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Archived: This report is greater than 3 years old. Findings may be used for research purposes, but should not be considered current.
To synthesize the published literature on the effect of interventions designed to improve health care providers' adherence to asthma guidelines on: (1) health care process outcomes (Key Question 1); (2) clinical outcomes (Key Question 2); (3) health care processes that subsequently impact clinical outcomes (Key Question 3).
Reports of studies from MEDLINE®, Embase®, Cochrane Central Register of Controlled Trials (CENTRAL), Cumulative Index to Nursing and Allied Health Literature (CINAHL®), Educational Resources Information Center (ERICsm), PsycINFO®, and Research and Development Resource Base in Continuing Medical Education (RDRB/CME), up to July 2012.
Paired investigators independently reviewed each title, abstract, and full-text article to assess eligibility. Only comparative studies were eligible. Investigators abstracted data sequentially and independently graded the evidence.
A total of 73 studies were eligible for review. A slight majority of studies were conducted in the U.S. (n=38). We classified studies as assessing eight types of interventions: decision support, organizational change, feedback and audit, clinical pharmacy support, education only, quality improvement (QI)/pay-for-performance, multicomponent, and information only. Half of the studies were randomized trials (n=34), 29 were pre-post, and the remaining 10 were a variety of nonrandomized study designs. The studies took place exclusively in primary care settings. The most frequently cited health care process outcome was prescription of asthma controller medication (n=41), followed by provision of an asthma action plan (n=18), prescription of a peak flow meter (n=17), and self-management education (n=12). Common clinical outcomes included emergency department (ED) visits (n=30) and hospitalizations (n=27), followed by use of short-acting β2 agonists (n=9), missed school days (n=8), lung function tests (n=6), symptom days (n=6), quality of life (n=5), and urgent doctor visits (n=5). We identified 4 critical outcomes for which 68 studies provided information. There was moderate evidence for increased prescriptions of asthma controller medications using decision support, feedback and audit, and clinical pharmacy support interventions and low grade evidence for organizational change, multicomponent interventions. Moderate evidence supports the use of decision support and clinical pharmacy interventions to increase provision of patient self-education/asthma action plans; for the same outcome, low grade evidence supports the use of organizational change, feedback and audit, education only, quality improvement, and multicomponent interventions. Moderate grade evidence supports use of decision support tools to reduce ED visits/hospitalizations while low grade evidence suggests there is no benefit associated with organizational change, education only, and QI/pay-for-performance. Organizational change interventions provided no benefit for lost days of work/school. The evidence for the remainder of interventions was insufficient or low in strength.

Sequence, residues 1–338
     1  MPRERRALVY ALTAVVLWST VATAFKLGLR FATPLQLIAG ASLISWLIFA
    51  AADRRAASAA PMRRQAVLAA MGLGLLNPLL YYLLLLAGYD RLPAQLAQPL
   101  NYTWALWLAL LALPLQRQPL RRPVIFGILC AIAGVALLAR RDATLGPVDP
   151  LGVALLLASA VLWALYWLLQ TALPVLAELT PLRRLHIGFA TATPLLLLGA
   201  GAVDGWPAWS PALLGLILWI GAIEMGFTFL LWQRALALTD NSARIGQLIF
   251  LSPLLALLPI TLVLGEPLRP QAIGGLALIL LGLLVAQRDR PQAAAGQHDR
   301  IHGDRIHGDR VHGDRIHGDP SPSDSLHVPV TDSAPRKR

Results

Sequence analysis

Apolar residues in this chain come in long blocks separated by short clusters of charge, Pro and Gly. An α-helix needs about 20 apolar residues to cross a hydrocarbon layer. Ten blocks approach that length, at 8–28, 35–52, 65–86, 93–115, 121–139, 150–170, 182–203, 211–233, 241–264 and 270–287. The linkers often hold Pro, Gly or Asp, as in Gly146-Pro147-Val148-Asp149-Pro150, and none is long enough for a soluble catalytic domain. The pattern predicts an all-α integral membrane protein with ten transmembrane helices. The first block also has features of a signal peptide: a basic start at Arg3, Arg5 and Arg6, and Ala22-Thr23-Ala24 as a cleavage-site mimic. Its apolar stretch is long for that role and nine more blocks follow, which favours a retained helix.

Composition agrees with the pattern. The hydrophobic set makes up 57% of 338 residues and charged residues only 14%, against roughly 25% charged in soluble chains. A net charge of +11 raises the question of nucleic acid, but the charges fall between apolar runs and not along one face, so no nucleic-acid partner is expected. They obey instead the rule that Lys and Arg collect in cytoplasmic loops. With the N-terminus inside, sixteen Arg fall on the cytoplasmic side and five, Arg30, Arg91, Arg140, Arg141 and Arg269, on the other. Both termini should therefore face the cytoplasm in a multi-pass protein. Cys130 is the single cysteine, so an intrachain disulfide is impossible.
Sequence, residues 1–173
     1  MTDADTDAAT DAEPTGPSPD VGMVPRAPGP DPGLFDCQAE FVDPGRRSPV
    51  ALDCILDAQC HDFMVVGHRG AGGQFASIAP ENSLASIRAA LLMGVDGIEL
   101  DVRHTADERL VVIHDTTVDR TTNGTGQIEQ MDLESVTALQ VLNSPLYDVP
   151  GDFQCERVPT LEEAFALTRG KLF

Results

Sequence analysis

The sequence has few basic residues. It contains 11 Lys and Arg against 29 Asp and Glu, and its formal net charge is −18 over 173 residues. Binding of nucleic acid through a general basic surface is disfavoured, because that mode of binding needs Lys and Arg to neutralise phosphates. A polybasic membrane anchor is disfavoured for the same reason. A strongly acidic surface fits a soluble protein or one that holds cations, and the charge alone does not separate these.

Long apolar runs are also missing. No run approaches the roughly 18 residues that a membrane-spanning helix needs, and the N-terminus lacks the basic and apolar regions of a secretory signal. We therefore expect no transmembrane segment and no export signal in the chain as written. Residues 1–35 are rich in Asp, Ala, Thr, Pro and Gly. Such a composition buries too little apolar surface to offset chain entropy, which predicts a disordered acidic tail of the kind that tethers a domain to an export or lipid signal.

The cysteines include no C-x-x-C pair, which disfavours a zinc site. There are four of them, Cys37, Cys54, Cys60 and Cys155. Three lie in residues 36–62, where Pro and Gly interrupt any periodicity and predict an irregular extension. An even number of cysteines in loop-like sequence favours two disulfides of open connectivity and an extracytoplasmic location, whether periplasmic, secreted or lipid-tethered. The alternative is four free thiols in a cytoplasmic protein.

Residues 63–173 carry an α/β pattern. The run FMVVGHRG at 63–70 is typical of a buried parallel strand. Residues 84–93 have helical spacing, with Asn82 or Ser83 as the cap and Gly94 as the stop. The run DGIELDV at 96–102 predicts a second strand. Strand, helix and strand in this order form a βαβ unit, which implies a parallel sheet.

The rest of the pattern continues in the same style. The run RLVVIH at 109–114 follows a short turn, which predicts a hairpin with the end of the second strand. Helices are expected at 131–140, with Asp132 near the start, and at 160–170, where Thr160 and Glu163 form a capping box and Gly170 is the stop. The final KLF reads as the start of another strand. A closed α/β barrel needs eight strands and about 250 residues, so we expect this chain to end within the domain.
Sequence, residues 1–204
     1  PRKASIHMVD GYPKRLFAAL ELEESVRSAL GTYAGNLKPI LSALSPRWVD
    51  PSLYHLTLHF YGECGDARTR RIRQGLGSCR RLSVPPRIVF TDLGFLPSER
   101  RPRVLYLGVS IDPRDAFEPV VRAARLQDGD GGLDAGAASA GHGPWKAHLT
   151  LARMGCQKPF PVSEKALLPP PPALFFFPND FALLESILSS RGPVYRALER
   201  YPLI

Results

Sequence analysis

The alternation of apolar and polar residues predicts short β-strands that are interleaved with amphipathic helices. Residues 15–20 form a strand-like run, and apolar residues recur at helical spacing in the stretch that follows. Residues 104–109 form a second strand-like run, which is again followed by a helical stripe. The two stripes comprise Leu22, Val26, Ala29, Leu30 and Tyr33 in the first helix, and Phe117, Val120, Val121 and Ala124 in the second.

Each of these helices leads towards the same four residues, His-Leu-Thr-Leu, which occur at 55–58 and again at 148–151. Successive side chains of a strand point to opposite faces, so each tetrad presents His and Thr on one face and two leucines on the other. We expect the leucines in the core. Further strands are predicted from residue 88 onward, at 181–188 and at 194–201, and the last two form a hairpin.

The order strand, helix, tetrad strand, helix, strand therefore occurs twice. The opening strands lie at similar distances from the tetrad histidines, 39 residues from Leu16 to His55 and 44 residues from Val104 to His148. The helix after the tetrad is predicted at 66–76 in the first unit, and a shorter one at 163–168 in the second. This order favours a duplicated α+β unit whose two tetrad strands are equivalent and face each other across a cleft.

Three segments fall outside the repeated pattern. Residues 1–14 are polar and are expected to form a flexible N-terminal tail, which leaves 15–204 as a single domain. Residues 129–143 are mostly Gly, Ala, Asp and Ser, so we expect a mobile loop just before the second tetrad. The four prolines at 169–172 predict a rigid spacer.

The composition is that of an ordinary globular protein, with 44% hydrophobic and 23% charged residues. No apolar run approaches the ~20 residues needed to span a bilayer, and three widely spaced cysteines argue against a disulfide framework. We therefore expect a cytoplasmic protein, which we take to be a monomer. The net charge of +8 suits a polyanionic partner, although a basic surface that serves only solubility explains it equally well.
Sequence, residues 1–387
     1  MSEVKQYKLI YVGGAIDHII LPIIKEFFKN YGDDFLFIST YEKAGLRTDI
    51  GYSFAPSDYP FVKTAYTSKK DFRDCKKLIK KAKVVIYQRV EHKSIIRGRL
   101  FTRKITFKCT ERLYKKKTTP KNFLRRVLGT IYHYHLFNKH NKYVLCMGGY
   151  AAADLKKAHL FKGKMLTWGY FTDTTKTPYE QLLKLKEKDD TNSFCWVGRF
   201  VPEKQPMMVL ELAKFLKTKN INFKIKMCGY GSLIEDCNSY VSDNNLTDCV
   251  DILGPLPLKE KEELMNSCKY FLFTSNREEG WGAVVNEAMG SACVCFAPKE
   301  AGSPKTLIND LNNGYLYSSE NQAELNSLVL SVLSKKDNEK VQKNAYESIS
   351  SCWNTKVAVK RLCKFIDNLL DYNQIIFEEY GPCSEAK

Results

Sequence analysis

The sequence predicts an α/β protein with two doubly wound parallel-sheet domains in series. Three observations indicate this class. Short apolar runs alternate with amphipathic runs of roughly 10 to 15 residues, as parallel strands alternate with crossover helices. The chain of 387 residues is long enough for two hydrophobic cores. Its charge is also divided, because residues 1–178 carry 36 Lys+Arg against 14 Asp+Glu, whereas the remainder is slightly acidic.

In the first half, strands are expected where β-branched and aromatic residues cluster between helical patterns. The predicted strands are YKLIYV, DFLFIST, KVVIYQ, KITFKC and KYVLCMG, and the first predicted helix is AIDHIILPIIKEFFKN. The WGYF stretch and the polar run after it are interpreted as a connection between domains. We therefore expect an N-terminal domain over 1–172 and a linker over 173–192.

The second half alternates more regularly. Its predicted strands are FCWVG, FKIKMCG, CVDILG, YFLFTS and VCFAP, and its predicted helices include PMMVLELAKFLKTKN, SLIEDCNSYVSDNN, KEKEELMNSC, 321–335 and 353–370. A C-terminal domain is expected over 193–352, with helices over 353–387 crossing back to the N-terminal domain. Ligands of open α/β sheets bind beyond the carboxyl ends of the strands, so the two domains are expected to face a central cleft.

There is low to moderate evidence to support the use of decision support tools, feedback and audit, and clinical pharmacy support to improve the adherence of health care providers to asthma guidelines, as measured through health care process outcomes, and to improve clinical outcomes. There is a need to further evaluate health care provider-targeted interventions with a focus on standardized measures of outcomes and more rigorous study designs